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LAST BITE

On a bare branch

I still remember the day when I first was struck by winter’s poetry in the sublime beauty of the persimmon tree. The leaves had fallen from the tree, revealing the dark orange orbs of ripe fruit still hanging on the bare branches.

Soon after, I planted a Hachiya persimmon tree in my office garden in Berkeley, and now, each year at this time, I use the ripe fruit to make this pudding-like cake.

Persimmons belong to a large genus of trees and shrubs known as Diospyros. They were first brought to California from their native China in the 1800s, and they do well in the moderate winters and relatively mild summers of the Bay Area. We mainly grow two species of persimmons here: the Hachiya, which is oval shape and needs to ripen fully to a jelly-soft consistency before it’s fit to eat, and the Fuyu, which is rounder in shape and will be crisp, like an apple, when ripe.

Eating with the seasons is a healthy approach for our bodies. As the weather becomes cooler, our diet should naturally progress toward foods that are warming. The warming spices cinnamon, nutmeg, and ginger are especially good when combined with a fruit that is as nutritious and health promoting as the persimmon. Fresh persimmons contain the antioxidant compounds vitamin A, beta-carotene, and lycopene, which act as protective scavengers against the free radicals that play a role in aging and disease processes. The fruit also contains zeaxanthin, an important carotenoid that helps prevent age-related macular disease. Vitamin C and many valuable B-complex vitamins provide co-factors for metabolic enzymatic functions in the body.

Persimmon Budino

I use all organic ingredients when baking and also recommend treating yourself to fresh spices at this time of year. It makes a huge difference in the taste of your food!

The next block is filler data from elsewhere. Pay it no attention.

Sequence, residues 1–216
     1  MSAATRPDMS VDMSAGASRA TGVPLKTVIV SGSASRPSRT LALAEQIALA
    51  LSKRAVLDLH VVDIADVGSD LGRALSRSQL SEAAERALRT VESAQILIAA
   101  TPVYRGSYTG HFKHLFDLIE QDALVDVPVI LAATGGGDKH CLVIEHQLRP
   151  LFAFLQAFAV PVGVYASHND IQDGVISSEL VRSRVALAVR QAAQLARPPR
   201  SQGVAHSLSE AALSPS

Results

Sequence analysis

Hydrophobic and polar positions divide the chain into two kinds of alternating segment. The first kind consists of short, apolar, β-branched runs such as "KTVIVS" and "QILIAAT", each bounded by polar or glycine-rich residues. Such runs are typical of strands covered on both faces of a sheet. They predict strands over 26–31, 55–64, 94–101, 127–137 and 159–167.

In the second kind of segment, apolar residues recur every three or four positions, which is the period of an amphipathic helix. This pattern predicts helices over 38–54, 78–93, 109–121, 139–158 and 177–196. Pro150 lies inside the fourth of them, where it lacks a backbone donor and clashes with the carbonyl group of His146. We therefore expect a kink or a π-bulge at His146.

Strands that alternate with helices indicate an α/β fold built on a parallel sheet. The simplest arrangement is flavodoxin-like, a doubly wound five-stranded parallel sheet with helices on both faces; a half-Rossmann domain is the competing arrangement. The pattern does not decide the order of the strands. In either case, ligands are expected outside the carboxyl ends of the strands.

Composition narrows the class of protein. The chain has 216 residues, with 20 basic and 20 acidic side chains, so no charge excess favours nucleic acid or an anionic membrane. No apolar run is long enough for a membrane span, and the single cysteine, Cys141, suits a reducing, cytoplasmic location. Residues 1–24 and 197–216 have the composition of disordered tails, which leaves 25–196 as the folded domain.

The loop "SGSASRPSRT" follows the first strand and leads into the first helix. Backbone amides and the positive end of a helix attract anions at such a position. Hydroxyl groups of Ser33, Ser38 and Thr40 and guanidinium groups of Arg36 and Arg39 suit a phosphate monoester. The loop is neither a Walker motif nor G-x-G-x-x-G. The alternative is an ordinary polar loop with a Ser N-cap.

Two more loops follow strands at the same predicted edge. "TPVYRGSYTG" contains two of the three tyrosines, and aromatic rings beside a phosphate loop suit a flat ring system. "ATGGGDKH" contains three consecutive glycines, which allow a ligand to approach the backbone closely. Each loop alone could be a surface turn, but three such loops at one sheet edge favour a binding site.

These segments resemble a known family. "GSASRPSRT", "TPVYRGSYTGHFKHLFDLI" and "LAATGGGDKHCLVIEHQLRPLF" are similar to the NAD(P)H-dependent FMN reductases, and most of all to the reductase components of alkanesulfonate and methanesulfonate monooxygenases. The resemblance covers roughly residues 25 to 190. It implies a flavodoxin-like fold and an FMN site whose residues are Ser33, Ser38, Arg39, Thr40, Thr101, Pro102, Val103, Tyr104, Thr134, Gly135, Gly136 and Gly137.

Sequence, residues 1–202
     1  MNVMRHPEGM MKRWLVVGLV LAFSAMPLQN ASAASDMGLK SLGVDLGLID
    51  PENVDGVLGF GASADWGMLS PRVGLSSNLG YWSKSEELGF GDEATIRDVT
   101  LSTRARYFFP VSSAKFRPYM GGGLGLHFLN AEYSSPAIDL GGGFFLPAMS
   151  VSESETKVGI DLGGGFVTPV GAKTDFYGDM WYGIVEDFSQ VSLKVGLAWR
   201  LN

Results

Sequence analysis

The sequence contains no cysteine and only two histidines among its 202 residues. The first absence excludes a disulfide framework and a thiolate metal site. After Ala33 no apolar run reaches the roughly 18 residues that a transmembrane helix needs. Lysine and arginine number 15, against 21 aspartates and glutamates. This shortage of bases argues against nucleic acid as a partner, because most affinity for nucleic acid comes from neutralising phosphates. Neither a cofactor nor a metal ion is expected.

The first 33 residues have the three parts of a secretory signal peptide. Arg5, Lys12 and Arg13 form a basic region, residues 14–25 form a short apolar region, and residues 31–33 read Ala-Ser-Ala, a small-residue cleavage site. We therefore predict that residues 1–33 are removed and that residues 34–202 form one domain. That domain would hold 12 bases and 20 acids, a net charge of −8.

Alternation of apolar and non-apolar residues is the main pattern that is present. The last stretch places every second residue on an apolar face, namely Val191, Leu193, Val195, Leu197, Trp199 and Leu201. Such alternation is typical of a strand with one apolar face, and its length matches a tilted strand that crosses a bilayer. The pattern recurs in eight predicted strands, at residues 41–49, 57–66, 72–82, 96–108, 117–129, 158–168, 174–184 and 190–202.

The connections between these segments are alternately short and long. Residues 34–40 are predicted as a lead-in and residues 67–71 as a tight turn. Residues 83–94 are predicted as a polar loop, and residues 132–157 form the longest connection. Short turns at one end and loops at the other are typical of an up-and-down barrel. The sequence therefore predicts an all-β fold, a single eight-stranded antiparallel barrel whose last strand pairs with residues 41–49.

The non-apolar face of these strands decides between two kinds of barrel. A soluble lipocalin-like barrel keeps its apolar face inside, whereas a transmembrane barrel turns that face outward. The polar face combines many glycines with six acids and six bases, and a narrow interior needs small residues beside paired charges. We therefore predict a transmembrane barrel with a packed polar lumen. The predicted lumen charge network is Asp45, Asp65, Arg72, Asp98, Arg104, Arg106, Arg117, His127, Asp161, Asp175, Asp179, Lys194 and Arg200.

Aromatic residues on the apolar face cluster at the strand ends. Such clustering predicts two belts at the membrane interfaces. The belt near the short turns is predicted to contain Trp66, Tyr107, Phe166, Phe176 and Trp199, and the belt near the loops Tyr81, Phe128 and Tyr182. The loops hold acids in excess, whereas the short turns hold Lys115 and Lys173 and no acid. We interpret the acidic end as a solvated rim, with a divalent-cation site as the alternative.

1 cup raisins
½ cup Cognac
4 extra-large egg
¾ cup light brown sugar, lightly packed
¾ cup white sugar
1 tablespoon honey
2¼ cups Hachiya persimmon pulp
1½ to 1¾ cups unbleached organic flour
1 teaspoon baking soda
1¼ teaspoons baking powder
½ teaspoon salt (or less to taste)
2 teaspoons cinnamon
1 teaspoon ginger
½ teaspoon freshly grated nutmeg
½ teaspoon freshly grated nutmeg
⅛ teaspoon cloves
2½ cups half-and-half, or whole milk or combination of both
1 stick unsalted butter
1 cup chopped walnuts or pecans

Assemble all ingredients ahead of time and allow to warm to room temperature.

Preheat over to 350°. Line a 10-inch springform pan or two 9- by 13-inch rectangular pans with parchment paper and then butter and flour the paper.

Place raisins and Cognac in a saucepan and simmer until raisins are soft. Set aside to cool.

In a large mixing bowl, beat eggs until light.  Beat in the sugars and honey and then the persimmon pulp.

Sift together flour, baking soda, baking powder, salt, and spices, then stir a third of the dry ingredients into the persimmon mixture, followed by a third of the milk, alternating until all ingredients are combined.  Stir in melted butter and then the Cognac soaked raisins and nuts.

Pour the mixture into prepared pans and bake approximately 1 hour. If top starts to over-brown, place aluminum foil over top and lower heat to 325°.

Remove from oven and allow to cool 15 minutes before turning out onto cooling racks. Remove parchment paper.

This cake is delicious served plain or with a dollop of Chantilly cream. If there’s any left over, wrap and store in refrigerator.

As a naturopath, acupuncturist, and homeopath with a practice in Berkeley, Carol Lourie utilizes her knowledge of whole food and cooking to help people understand their individual nutritional needs. Before going into medical practice, she worked as a chef, pastry chef, and was employed as a sous-chef in Portland, Oregon, with a 3-star French restaurant caterer while in naturopathic medical school.

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